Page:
Ukraine on a map of the world
"Social media today provides an instant window into the ravages of war for any who wish to virtually experience it. This represents a paradigm shift in media coverage of conflict," says VCU professor William Pelfrey, Ph.D. (Getty Images).

Social media provides ‘an instant window into the ravages of war’ in Ukraine

VCU professor Will Pelfrey shares his perspective on social media’s role in Russia’s invasion of Ukraine.

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Since Russia invaded Ukraine nearly two weeks ago, photos, videos and posts from the region on Facebook, Instagram, TikTok and Twitter have amassed millions of views worldwide. Where other wars have seen newspaper headlines and 24-hour news cycles, few previous conflicts have given the world a glimpse at the destruction broadcast directly from the individuals who live there.

A portrait of William Pelfrey, Ph.D. smiling and wearing a blue button down shirt
William Pelfrey Jr., Ph.D., a professor of criminal justice and homeland security and emergency preparedness in the L. Douglas Wilder School of Government and Public Affairs.

As Russia has invaded Ukraine, social media has led to a “paradigm shift in media coverage of conflict,”  said William Pelfrey Jr., Ph.D., a professor of criminal justice and homeland security and emergency preparedness in the L. Douglas Wilder School of Government and Public Affairs at Virginia Commonwealth University.

“Historically, media depictions of war were either provided by the military – and therefore not likely to be representative — or derived from sketchy, smuggled materials,” Pelfrey recently told Forbes. “The real-time nature of high-quality video provided from any cellphone, anywhere, anytime, broadcast on an always-on social media network with rapid retweets or sharing, means that people anywhere can virtually experience some of the elements of combat.”

“They say that history is written by the victors,” Pelfrey told Forbes. “The perpetrators of violence, in this case Russia, will not be able to rewrite history when it is livestreamed.”

VCU News spoke with Pelfrey about the role of social media in Russia’s invasion of Ukraine and what the impact of choices by both countries around social media might be.

How has social media played a different role in this war as opposed to some of those before it?

Social media today provides an instant window into the ravages of war for any who wish to virtually experience it. This represents a paradigm shift in media coverage of conflict. Rather than seeing filtered, sometimes staged representations of war (picture a journalist standing in front of a collapsed building, or the shell of a tank), we can hear missiles fly overhead, see refugees crossing borders and listen to their tragic stories told firsthand.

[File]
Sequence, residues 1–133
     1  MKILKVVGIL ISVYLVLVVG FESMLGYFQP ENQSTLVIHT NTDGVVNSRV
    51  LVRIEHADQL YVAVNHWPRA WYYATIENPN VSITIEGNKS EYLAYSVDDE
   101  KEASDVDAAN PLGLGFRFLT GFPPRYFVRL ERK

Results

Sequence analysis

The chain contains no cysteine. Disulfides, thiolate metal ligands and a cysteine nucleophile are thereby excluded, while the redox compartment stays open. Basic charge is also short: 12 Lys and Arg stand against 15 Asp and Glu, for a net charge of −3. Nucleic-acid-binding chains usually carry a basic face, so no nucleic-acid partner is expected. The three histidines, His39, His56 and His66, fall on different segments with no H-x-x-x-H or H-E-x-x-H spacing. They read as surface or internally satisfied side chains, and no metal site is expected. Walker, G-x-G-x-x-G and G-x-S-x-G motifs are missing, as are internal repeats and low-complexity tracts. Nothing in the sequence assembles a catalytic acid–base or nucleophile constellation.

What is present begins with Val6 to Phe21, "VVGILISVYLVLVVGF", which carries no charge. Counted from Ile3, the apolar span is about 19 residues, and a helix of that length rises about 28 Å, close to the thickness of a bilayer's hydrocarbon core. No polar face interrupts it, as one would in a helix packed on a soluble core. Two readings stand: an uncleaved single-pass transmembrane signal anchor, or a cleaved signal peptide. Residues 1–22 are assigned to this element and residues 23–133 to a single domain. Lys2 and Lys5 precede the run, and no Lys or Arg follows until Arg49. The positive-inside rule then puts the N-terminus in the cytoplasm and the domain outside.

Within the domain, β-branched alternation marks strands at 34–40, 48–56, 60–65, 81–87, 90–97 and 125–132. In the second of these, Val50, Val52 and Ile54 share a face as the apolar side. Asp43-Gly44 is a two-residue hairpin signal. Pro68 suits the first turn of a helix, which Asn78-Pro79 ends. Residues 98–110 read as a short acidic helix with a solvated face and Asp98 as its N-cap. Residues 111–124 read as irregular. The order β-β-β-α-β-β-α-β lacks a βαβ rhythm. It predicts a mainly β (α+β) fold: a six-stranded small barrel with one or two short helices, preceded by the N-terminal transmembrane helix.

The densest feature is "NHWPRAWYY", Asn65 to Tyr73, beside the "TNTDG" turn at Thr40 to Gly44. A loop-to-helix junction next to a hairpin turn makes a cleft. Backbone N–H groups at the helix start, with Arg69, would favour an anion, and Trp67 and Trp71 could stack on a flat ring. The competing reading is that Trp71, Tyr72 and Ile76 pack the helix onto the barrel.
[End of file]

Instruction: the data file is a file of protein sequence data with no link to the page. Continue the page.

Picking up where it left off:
How has the prevalence of social media changed how people are getting information about this war?

The authenticity of the people experiencing the Ukrainian invasion — the victims of [Russian president Vladimir] Putin’s attack — are compelling and will likely define our expectations for future war coverage. A correspondent, which is really anyone who is willing to communicate with a media outlet, can provide insights and experiences that a journalist who doesn't speak the language, or know the region, would never produce. This also absolves media outlets from sending journalists to dangerous areas. When coupled with legitimate media, correspondents on social media can play an important role.

What concerns do you have around the social media sharing of information? What, if any, have been the most common kinds of misinformation we’ve seen around social media during this conflict?

The sharing of social media is never objective. We circulate, share, retweet and post what appeals to us. The tragic misinformation during the COVID-19 pandemic (i.e., hydroxychloroquine, vaccine deniers) demonstrates that people are not always good consumers, or distributors, of information. If a prominent politician or entertainer posts misinformation on social media, history demonstrates that misinformation will be circulated broadly.

Social media is excellent for providing perspective — anecdotes, real-life experiences of victims and narratives of events. Objective news outlets should be trusted for policy positions, legislative efforts and updates on conflicts.

Concerns have been raised that Ukraine's sharing of video and photos of dead or captured Russians could violate the Geneva Conventions. What advice would you give to Ukrainians who are trying to use social media to persuade Russia to stop its attack?

The best narratives are personal. Telling the story of one's experiences, fears and hopes are compelling and authentic. Images of dead soldiers from either side will probably not garner support or sympathy.

Russia on Friday blocked Facebook, joining North Korea and China as the only governments to do so. Do you anticipate Russia blocking access to Facebook will have an effect on this war and the flow of information to those living in Russia? Do you anticipate Russia blocking access to other social media sites?

I don't anticipate the Russian decision to block Facebook will have a significant impact. There are plenty of additional social media platforms where those who want to can post, or find, depictions of the conflict. I expect that Russia may try to block other social media sites. While that may limit easy access to posts, it will not preclude posts.